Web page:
Angela: I connect with those like me by being who I am. There are many of those who may be experiencing the same things I am, so as long as I keep being honest and authentic with myself and my experiences, I am making sure they will be able to relate and feel represented.

Q: Something I see in this generation is that Gen Z is tired of traditions and norms. We want to go outside expectations and formulas. We don’t want to prescribe to ideals in place. Instead, we try to question them and ask questions. What do you think of this?

Angela: Because we have finally discovered that just as how things cannot be generalized, so are we. We are all different in some ways, and we don't want to adhere to ideas that have nothing to do with us. We want to discover what it means to live with authenticity in our own lives, and those cannot be met with boxed formulas created by others, we need to be free to explore who we are in our own ever-changing ways.


Don't miss Angela and the charming girls of KAIA as they take the stage at the highly anticipated PPOPCON MANILA 2023 this July 14 to 16 at Araneta City. Secure your tickets now at TicketNet Online or through TicketNet outlets nationwide.

Additionally, don't forget to grab a limited edition copy of our #TheLeadersIssue at You can either claim it at the PARCINQ booth during the P-POP Convention or have it conveniently delivered to your doorstep. Hurry and take advantage of our exciting freebies!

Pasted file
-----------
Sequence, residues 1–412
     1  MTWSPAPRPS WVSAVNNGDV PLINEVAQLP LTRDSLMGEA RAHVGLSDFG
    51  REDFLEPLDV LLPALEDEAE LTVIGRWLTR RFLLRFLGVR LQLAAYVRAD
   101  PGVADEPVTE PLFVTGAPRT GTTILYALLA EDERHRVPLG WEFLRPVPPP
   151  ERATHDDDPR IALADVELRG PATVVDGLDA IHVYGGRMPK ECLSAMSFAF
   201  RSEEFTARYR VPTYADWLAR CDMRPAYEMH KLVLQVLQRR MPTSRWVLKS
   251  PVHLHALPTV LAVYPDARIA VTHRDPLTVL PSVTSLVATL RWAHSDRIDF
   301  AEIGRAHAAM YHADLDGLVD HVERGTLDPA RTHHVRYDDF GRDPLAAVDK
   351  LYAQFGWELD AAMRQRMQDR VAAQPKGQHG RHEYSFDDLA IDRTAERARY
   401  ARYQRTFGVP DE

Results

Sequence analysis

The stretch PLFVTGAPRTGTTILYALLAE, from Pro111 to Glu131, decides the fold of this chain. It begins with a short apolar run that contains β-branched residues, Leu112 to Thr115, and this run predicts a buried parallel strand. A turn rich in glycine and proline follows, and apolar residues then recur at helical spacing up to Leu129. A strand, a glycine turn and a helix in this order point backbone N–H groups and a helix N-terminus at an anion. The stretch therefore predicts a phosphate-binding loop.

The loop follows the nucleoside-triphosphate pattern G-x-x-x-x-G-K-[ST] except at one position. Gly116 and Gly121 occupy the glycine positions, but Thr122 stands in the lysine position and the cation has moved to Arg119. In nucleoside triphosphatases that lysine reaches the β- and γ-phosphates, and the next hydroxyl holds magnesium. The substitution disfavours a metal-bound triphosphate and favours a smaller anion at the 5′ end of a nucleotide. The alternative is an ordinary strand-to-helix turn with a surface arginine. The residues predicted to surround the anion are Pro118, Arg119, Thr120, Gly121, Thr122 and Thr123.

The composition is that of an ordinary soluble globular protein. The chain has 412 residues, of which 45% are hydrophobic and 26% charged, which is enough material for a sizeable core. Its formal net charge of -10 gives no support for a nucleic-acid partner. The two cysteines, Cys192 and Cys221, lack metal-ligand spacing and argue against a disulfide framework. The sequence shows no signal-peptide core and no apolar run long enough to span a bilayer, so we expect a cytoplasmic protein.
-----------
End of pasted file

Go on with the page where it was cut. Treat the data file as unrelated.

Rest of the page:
Produced by Parcinq Team in collaboration with PPOPCON


Photography by Rxandy Capinpin

Art Direction by Joe Andy

Production Coordination by Chardy Baldoza

Features Writers Queenie Cailing and Marielle Filoteo


Communications Manager: Rhanica

Production Manager: Arby

Artist Coordinator: Jessette

Content Producer: Erica

Glam Team

Mycke Arcano

Aron Guevara

Janica Cleto

Nadynne Esguerra

Jonnel Derilo

Mark Familara

Mac Igarta

Marben Talanay

Charlie Manapat

Styling Team

Bea Guerrero

Miguel Quilang

Aaron Mangsat

Ica Villanueva

Team Rain X Em

Fashion Film By Ian Francisco

Video Associate Pogs Francisco

Camera Operator Anghel Millar

Gaffer Edward Logorta

Shoot Assistants

Chicco Rodriguez

Ana Alzona

Derreck Isorena

Kathleen Salvatera

Set Design by Rabbit Hole Creatives

Food Sponsors: Illo’s Party Trays, The Sandwhich Guy

Elemental Cafe Iced Coffee

Studio Partner Siren Studios